There are moments when Steve Kerr, left, shows his emotional side. That typically isn’t far from the surface when it comes to Draymond Green, right, but the head coach has been happy this season with the forward reeling in his emotions on the court. (All: Stan Olszewski/Special to S.F. Examiner)

Two of a kind: The ‘fiery’ Draymond Green and Steve Kerr

OAKLAND — Draymond Green pulled up for a corner three, hit the shot, and as he ran down the court, he stared at the Golden State Warriors’ bench and let out a shout.

The brief scene unfolded on Nov. 9 — a night when the Warriors dismantled an undermanned Dallas Mavericks team 116-95 and Green took on a rare leading role in the offense, going 4-for-6 from downtown.

As Green glided past the bench, it was unclear who he was shouting at. It could have been a player, a member of the staff, no one in particular, or — as has been the case in the past — his head coach, Steve Kerr.

“I understand his fire. He understands my fire,” Green said during his weekly show on 95.7 The Game.

While adjectives like “diplomatic” or “composed” often precede Steve Kerr’s name, Green sees a reflection of himself in his boss.

“We both understand each other. We’re both fiery in our own way — mine’s a little more outward than his,” Green said. “But you can always see when he gets going, he’s extremely fiery.”

That fire showed during Game 1 of the 2016 NBA Finals when Kerr destroyed his clipboard during a timeout. Or earlier this season when the Dubs were playing the Oklahoma City Thunder and the coach chased down an official after a foul on Stephen Curry went uncalled.

Green pointed to a legendary moment from Kerr’s days as a player to draw out the parallel.

“He’s a guy, who — it’s famous — got into a fight with Michael Jordan,” Green said, referring to the incident that took place during the Bulls training camp in 1995 when Kerr stood up to six-time NBA champion and notorious trash talker.

“It’s like, he wasn’t the star of the team. I’m not the star of the team,” Green said. “But yet we do what we have to do to put our imprint on a team. And I think we understand that side of each other and we understand everything about each other.”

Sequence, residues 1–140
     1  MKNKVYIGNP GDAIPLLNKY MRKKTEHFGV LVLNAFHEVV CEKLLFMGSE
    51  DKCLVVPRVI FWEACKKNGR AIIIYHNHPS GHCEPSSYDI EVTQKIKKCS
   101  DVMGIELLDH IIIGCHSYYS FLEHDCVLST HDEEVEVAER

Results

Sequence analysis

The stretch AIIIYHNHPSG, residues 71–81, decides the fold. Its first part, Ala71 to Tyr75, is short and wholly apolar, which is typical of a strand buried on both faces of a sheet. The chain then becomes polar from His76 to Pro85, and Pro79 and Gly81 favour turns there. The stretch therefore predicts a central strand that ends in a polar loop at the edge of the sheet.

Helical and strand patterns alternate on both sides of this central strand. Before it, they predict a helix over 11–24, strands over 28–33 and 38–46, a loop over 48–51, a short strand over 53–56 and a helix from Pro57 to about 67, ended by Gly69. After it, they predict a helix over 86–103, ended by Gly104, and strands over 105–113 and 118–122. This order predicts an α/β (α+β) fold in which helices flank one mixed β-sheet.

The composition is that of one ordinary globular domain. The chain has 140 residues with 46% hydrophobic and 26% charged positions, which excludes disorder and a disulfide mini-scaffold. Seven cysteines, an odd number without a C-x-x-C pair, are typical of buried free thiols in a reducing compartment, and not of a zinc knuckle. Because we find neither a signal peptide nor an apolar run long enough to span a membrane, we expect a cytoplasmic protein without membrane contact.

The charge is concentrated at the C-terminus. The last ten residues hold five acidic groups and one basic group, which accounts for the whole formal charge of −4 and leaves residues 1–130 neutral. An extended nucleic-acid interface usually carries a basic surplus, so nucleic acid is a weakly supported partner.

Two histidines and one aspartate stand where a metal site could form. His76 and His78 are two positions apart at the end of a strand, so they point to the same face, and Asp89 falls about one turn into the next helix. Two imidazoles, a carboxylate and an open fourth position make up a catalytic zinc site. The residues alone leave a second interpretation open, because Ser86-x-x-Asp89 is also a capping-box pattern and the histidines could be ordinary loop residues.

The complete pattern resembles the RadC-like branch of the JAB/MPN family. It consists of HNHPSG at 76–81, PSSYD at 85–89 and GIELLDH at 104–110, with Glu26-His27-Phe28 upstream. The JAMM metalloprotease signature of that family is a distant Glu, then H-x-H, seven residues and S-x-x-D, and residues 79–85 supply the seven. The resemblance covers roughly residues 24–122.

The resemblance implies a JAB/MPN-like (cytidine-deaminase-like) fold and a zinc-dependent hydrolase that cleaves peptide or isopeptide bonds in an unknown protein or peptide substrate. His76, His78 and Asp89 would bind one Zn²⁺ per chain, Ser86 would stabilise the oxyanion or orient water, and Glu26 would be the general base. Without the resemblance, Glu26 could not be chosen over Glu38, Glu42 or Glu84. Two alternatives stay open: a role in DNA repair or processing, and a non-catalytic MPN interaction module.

It was in the run-up to this season’s training camp that Kerr challenged Green to rein in his, at times, excessive emotions. In the opening weeks of the schedule, Green has obliged.

“He’s just been really mature and he’s been a great leader,” Kerr told KNBR. “And I just think he’s found a nice kind of groove and a nice balance to keeping that edge but growing and just being a little wiser from day to day. I’m really proud of him for it, he’s been brilliant.”

The new Green, who has already announced his campaign to become the league’s Defensive Player of the Year, has been a force for the Warriors. He leads the team in rebounds, assists, steals and blocks.

With Kevin Durant, Curry and Klay Thompson spearheading the offense, Green has willingly deferred to the trio of shooters while doubling down on his roles as the team’s chief facilitator and defensive anchor.

“He can adjust to any situation and he’s fine with being able to want to excel in different areas and not just scoring,” said guard Ian Clark. “It says a lot about him and the type of player he is.”

Durant, who is peppered with questions about the adjustment process to his new team every time he steps in front of a microphone, offered a telling comment, which underscores the ease of sharing the floor with Green.

“We’re still learning each other,” Durant said. “But for the most part, I kind of know how Steph wants to play, how Klay wants to play and vice versa.”

There was no mention of Green — the other member of the Big Four — because there’s no adjustment required. Green regularly pops up in the perfect place with a key deflection of an inbounds pass, a timely block, or sometimes, one of those corner threes.

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